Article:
From here you can compile each collection for on-screen use, print it out, or export to something like Word. I compiled to Word, saved in Dropbox, and then have been able to read each story-line independently on my tablet. If I’d had an iPad, I’d have stayed in Scrivener and edited directly – putting comments in the document notes, so this is a bit of a compromise, but it works, even if I do have to then flip between Word and Scrivener later when I’m redrafting.
I’m looking forward to starting a new novel in a couple of months and using this feature from the start to plot the story-lines. I’d be interested to hear if other people are using this feature.
Last weekend I took a trip to County Wicklow, partly to carry out some family history research, and partly to check locations for my current novel. I’ve already written around two-thirds of the first draft, imagining the street scenes and roadways, backed up by miles and miles travelled on Google StreetView.
On the ground, however, I discovered that so much needs rewriting because my understanding of the history of the places was distinctly under par. The period of the novel I was investigating covered 1847 to 1921, and, of course, much has changed in the intervening years. Houses that I thought of as old, were actually new or didn’t even exist in that time. The landscape must have been different because the trees lining the fields, or forming huge woodlands, though large, were nowhere near 150 years old. Even the rural roads would have been different, with little or no tarmac, and the town layouts have changed beyond recognition.
I’m not dismayed by this, it’s important to get it right, and the experience of getting the feel of the places; seeing the way the light fell, hearing the sound the river made over the gravel and feeling the wind blasting down the mountain, made it all worthwhile. Even if I hadn’t been researching, it would have been pleasurable.
The hard task now is to translate it all on to the page.
Two weeks ago several members of our writers group attended a day workshop on Editing Your Novel, led by Brian Langan of Transworld Press. The breadth of advice was immense and it prompted me to get back into gear with submitting my second novel to publishers – but not before a ninth edit.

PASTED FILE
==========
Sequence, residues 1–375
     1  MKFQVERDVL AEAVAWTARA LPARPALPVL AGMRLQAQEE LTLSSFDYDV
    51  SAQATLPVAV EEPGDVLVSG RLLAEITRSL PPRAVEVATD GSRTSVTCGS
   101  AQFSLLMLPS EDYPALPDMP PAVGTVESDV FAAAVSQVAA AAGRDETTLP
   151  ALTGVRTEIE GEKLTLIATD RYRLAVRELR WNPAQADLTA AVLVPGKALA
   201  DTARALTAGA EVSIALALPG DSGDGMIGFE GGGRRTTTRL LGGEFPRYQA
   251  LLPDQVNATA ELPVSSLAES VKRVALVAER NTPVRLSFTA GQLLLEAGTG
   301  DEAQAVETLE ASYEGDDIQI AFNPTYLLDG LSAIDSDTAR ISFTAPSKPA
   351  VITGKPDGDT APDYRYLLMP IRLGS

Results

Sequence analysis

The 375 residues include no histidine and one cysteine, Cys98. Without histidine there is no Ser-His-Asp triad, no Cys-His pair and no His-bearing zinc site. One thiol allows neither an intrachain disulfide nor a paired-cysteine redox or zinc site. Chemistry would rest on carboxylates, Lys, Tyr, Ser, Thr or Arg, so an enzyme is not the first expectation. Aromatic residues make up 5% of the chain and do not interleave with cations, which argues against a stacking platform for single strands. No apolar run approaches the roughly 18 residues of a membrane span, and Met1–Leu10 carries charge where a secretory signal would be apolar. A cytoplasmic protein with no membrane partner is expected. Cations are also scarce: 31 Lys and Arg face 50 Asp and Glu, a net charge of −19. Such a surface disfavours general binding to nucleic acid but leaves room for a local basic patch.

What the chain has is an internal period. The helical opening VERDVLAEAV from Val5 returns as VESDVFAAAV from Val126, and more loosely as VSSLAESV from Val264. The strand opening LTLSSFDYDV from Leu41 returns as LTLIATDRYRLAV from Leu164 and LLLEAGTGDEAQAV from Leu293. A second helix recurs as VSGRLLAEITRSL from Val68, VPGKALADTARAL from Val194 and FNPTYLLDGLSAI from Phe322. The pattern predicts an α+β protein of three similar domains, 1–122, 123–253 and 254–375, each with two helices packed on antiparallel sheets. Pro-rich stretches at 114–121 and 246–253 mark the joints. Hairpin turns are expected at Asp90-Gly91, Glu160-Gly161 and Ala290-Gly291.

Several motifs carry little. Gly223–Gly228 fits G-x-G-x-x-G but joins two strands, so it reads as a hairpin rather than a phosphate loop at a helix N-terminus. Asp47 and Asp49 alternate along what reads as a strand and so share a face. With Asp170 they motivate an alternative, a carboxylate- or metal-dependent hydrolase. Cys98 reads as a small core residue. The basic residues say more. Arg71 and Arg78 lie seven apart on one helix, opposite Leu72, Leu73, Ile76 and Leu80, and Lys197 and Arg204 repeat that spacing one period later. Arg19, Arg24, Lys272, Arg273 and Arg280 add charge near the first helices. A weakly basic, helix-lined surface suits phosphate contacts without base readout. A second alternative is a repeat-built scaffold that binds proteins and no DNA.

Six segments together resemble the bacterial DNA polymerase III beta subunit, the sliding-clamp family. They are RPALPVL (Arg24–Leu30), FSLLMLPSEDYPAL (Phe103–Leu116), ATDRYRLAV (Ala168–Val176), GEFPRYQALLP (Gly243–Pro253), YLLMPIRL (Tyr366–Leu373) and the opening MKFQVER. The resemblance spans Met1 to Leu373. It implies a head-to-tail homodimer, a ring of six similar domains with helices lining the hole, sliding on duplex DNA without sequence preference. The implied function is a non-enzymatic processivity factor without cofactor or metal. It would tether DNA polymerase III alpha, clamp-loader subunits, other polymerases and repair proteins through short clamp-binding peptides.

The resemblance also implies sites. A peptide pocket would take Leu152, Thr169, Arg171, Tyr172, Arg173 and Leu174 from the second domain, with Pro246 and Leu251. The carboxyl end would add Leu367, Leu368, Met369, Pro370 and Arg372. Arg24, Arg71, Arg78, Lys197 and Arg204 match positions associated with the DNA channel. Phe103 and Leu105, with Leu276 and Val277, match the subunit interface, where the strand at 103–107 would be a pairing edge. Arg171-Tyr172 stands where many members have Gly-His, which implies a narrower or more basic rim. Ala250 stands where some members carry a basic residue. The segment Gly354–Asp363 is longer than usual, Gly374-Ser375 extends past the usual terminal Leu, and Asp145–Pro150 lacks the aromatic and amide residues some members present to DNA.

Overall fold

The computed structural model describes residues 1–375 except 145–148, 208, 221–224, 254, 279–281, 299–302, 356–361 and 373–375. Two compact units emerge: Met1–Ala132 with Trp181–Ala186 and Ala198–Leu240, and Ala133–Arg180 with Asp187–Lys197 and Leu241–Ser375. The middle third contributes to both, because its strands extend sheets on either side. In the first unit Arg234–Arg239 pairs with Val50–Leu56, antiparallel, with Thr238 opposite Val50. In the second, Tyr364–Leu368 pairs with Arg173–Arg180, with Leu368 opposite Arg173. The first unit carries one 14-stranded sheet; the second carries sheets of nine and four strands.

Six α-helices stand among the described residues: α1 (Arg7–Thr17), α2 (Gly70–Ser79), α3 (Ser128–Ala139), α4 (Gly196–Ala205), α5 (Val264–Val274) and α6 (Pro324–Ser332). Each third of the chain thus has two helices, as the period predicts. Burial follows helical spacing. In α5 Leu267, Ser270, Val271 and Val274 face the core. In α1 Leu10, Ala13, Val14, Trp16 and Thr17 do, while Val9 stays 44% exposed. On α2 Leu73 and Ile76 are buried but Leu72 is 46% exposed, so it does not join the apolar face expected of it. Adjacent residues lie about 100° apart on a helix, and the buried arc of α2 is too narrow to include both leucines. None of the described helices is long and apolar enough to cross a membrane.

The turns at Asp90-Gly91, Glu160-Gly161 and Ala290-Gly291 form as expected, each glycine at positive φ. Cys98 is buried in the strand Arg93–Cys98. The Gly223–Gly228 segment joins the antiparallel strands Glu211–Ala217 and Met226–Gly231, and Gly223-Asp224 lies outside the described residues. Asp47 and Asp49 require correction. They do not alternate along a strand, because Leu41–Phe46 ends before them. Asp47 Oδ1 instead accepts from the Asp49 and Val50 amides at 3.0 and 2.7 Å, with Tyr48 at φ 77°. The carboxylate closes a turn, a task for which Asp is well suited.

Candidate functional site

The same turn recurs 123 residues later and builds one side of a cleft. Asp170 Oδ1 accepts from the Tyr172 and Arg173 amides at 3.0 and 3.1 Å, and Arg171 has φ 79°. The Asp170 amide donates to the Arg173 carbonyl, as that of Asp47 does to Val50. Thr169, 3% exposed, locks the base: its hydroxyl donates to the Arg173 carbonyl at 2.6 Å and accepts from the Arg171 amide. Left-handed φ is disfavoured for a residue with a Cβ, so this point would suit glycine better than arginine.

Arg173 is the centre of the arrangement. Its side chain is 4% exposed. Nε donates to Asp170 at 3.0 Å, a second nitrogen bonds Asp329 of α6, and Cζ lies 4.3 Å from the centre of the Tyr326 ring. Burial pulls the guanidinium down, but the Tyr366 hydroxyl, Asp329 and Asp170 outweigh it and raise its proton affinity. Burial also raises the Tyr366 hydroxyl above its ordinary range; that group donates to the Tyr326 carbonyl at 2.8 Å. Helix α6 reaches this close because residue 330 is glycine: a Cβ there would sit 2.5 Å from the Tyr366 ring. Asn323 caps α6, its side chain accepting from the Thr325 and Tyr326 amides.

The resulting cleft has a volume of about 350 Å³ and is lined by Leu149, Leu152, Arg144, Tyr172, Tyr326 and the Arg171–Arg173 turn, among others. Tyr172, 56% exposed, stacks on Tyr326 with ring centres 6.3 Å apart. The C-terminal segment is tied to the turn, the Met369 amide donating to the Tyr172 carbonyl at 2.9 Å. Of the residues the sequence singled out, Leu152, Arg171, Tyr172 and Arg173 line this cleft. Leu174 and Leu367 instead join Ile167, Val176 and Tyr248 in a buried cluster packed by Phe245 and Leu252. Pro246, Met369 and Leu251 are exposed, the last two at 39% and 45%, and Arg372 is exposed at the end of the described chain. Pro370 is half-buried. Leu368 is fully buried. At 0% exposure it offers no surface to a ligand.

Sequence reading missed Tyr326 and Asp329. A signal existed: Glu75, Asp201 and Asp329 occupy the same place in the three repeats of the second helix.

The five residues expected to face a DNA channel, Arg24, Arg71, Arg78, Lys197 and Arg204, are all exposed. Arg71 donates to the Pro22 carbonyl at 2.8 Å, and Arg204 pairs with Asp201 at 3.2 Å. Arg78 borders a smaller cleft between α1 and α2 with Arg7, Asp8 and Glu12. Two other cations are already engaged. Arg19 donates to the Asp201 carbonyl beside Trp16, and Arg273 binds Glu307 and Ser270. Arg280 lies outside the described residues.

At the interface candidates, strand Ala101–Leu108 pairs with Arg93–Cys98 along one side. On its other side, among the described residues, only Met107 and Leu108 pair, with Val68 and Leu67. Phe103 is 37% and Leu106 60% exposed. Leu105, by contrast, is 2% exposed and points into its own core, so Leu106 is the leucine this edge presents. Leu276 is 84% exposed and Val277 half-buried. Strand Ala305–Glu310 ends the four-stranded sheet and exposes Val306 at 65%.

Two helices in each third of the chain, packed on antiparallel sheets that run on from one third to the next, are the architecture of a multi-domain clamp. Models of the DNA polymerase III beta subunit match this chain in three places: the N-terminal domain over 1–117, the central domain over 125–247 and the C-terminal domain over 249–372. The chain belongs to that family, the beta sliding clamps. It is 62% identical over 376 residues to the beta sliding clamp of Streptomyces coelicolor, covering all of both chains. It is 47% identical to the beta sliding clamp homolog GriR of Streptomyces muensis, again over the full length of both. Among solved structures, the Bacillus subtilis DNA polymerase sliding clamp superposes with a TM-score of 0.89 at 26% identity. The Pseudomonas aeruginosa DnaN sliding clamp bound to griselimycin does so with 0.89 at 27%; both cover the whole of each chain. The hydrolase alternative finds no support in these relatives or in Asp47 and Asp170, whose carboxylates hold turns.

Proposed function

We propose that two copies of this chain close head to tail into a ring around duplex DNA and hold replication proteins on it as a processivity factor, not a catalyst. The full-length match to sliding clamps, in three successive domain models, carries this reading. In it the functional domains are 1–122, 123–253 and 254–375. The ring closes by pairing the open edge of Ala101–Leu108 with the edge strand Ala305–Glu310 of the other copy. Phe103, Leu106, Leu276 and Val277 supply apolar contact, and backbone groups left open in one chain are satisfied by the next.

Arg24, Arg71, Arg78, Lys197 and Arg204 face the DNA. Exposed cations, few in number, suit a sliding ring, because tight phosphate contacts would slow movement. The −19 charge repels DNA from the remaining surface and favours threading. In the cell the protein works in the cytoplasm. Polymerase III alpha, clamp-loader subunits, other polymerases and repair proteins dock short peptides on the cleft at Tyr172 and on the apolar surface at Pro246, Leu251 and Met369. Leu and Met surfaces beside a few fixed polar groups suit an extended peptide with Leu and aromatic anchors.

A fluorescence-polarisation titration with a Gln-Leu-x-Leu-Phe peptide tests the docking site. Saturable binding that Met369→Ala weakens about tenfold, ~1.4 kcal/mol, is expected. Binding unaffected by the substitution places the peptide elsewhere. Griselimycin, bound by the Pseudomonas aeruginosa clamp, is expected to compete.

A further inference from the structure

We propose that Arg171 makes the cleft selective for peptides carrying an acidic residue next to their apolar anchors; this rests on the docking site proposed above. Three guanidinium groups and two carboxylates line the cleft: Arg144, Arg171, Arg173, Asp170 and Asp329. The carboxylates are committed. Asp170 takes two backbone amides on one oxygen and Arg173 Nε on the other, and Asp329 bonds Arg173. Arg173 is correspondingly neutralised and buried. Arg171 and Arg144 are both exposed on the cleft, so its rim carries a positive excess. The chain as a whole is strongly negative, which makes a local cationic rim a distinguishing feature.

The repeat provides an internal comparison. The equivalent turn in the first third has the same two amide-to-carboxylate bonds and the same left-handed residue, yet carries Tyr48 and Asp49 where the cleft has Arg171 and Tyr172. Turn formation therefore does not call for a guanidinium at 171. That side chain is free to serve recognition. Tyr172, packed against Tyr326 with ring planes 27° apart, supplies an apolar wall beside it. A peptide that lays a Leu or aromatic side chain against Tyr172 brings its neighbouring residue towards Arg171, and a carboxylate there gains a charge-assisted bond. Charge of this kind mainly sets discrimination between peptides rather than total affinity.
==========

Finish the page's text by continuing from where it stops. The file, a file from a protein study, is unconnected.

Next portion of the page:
I’ve written before about the excellent ProWriting Aid software (or is it ‘app’ these days?), and this was my first port of call – oh oh PWA would definitely pick that up as a cliché – and that one as an adverb. So, I ran the range of reports on my first ten thousand words and gasped at the number of adverbs, passive verbs and personal pronouns it highlighted. How could I get it so wrong?
Simple. We all use these devices every day in our speech, often as a kind of shorthand: clichés probably exist for that primary purpose, to avoid extensive explanations; adverbs help us avoid flowery imagery; passive verbs often sound more natural than their active counterparts in English speech patterns; and personal pronouns are almost unavoidable regardless of whether we’re writing in first or third person. I’ve given you seven personal pronouns to this point in this paragraph alone. However, I’ve dodged the cardinal sin here of repeating the same pronoun at the start of successive sentences.
Try a little test if you use Microsoft Word. Search your manuscript for ‘I’ (better to search for ‘. I ‘ – that’s: full stop, space, I, space – to avoid finding the letter as part of other words) if in first person, or ‘He’/’She’ in third person. See how many you find. If you miss out the full stop from the search you’ll be likely to find lots more.
Before going further perhaps a short explanation might be beneficial:
- Personal pronouns are used to replace names and denote gender and/or number. Examples include he, she, I, it, you, they, them, us, and so on.